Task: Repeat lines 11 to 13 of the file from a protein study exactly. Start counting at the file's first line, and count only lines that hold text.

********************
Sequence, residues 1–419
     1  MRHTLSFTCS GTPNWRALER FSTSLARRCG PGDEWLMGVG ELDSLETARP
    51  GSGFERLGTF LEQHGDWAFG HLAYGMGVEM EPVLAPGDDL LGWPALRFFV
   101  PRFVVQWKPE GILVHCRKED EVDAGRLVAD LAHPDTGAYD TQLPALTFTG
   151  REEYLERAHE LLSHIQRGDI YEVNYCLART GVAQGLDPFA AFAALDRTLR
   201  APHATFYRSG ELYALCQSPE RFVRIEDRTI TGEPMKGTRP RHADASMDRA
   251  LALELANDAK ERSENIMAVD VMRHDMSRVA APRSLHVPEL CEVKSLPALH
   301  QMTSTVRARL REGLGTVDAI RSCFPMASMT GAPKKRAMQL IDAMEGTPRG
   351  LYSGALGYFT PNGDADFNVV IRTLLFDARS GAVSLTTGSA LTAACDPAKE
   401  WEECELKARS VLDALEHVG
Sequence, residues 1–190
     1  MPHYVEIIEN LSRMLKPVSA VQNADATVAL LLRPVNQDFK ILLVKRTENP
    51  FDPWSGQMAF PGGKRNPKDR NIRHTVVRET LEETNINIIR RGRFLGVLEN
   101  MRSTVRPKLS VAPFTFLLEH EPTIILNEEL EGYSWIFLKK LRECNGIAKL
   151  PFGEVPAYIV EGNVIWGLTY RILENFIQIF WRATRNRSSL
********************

Sequence, residues 1–190
     1  MPHYVEIIEN LSRMLKPVSA VQNADATVAL LLRPVNQDFK ILLVKRTENP
    51  FDPWSGQMAF PGGKRNPKDR NIRHTVVRET LEETNINIIR RGRFLGVLEN